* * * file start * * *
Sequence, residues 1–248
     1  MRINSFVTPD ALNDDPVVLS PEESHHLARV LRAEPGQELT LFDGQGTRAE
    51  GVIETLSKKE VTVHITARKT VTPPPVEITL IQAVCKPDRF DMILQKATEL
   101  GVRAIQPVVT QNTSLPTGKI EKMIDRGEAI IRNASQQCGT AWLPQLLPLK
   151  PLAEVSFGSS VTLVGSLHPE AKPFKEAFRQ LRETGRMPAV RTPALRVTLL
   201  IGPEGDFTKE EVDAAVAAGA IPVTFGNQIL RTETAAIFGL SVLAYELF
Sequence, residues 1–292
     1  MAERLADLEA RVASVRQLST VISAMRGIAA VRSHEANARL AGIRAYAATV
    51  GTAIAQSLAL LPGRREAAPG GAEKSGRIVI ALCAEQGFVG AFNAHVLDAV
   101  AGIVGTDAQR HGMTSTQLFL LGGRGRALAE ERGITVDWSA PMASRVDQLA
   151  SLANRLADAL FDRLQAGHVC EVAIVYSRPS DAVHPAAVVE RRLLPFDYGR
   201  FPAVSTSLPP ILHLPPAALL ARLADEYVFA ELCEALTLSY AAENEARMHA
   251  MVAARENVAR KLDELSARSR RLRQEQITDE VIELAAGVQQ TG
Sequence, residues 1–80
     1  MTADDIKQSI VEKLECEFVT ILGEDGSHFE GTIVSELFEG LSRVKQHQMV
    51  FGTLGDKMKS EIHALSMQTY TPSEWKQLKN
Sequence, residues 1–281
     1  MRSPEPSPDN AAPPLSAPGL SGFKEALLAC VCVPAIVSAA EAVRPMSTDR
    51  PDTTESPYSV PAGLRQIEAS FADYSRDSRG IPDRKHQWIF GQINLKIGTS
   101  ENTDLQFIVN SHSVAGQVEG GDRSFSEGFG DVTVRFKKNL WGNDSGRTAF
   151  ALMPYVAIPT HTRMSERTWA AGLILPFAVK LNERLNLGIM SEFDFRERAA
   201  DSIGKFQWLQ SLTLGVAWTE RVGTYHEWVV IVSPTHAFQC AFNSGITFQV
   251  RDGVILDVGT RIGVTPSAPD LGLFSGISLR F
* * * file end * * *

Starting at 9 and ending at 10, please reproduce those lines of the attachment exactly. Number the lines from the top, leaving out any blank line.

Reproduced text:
    51  GTAIAQSLAL LPGRREAAPG GAEKSGRIVI ALCAEQGFVG AFNAHVLDAV
   101  AGIVGTDAQR HGMTSTQLFL LGGRGRALAE ERGITVDWSA PMASRVDQLA